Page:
The key to healthy eating — and to look and feel your best — is to cut out the processed and sugary junk and stick to whole, natural foods from the Earth. Lots of fruits and vegetables, along with healthy proteins and natural fats, are essential. Replacing all unhealthy, processed oils in your meals with organic, extra-virgin coconut oil is one very beneficial step.
Be sure to drink lots of water to keep your body hydrated, and consider drinking a cup or two of green tea each day to aid in your weight loss goals. Keeping your entire body healthy is the best way to ensure that your chin stays where it should. This step alone may help significantly with the sag.
Make sure you’re moving
Along with a healthy diet, getting consistent exercise is essential to keeping your body toned and taught. Plus, a sedentary lifestyle is a primary risk factor in all sorts of chronic illnesses, including heart disease, diabetes and more.
Strive to walk for at least half an hour every day. Try to walk briskly as much as you can. Instead of taking the elevator, take the stairs whenever possible. Instead of binge-watching Netflix or surfing the internet for a couple hours in the evening, head outside and play some backyard sports with your family or friends.
The more you move, the better off your body will be — chin included.
Check your posture
Good posture is important for a number of reasons, such as keeping your spine aligned and keeping your joints and muscles from tensing up and hurting. It can also help to prevent a double chin. Pay attention to how you’re holding your face and neck throughout the day. Try sitting and standing up as straight as you can. Don’t scrunch up your neck too much when you’re looking down at things.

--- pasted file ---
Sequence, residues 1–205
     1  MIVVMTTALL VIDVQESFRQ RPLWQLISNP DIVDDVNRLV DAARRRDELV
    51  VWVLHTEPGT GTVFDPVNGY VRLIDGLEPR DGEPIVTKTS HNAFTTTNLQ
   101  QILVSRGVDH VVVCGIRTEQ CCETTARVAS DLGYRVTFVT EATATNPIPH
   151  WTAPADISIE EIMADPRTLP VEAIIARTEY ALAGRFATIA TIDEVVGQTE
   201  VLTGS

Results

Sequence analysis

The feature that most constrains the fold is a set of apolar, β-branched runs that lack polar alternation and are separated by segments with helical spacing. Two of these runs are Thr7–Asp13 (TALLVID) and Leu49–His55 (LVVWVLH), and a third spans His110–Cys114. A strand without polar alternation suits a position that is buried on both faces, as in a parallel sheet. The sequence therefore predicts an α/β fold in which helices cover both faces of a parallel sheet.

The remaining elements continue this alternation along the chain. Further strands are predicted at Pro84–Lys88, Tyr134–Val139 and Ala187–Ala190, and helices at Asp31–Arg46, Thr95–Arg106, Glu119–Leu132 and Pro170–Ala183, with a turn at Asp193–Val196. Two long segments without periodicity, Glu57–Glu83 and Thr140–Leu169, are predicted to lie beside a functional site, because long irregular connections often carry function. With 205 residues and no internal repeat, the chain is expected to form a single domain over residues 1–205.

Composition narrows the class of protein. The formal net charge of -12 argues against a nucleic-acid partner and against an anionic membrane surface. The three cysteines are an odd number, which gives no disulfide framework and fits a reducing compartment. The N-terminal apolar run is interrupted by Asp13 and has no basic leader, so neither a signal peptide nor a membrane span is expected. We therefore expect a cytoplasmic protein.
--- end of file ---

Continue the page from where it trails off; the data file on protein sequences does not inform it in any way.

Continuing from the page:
Also, don’t hold your phone using your neck and ear — it’s not doing any favors for your chin.
Stretch your face and neck
There are a number of stretches that may help to reduce your double chin. One is a neck roll, which helps to tone those muscles in your chin, neck and jaw. Sit up straight or stand. Start with your head straight and your eyes looking forward. Lean your head to one side and make a gentle, slow circle with your chin, keeping your back straight and your shoulders pulled back. Repeat on the other side.
Another exercise is a chin lift. Start by sitting or standing up straight. Look up towards the ceiling and pucker your lips upward. Hold for a few seconds, and go back to a relaxed position. Repeat about 15 times.
Give yoga a try
For any sort of sagging skin or muscle, yoga may work wonders. This ancient practice helps to tone your muscles and improve elasticity in the skin throughout your body. Look for a class in your area, and before you sign up, ask the instructor specifically about your double chin concerns. If the type of yoga you find does not address your concerns, keep looking — numerous styles may help.